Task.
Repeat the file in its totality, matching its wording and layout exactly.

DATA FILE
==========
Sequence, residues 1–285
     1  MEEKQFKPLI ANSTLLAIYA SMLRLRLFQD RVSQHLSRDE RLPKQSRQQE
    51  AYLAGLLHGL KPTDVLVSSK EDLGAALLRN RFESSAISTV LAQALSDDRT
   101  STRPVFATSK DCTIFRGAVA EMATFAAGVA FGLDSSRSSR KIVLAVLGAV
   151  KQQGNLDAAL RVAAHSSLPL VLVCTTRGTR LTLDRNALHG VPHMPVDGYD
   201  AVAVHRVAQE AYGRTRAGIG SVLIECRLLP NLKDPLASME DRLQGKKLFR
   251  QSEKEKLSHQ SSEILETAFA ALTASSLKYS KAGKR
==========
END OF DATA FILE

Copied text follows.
Sequence, residues 1–285
     1  MEEKQFKPLI ANSTLLAIYA SMLRLRLFQD RVSQHLSRDE RLPKQSRQQE
    51  AYLAGLLHGL KPTDVLVSSK EDLGAALLRN RFESSAISTV LAQALSDDRT
   101  STRPVFATSK DCTIFRGAVA EMATFAAGVA FGLDSSRSSR KIVLAVLGAV
   151  KQQGNLDAAL RVAAHSSLPL VLVCTTRGTR LTLDRNALHG VPHMPVDGYD
   201  AVAVHRVAQE AYGRTRAGIG SVLIECRLLP NLKDPLASME DRLQGKKLFR
   251  QSEKEKLSHQ SSEILETAFA ALTASSLKYS KAGKR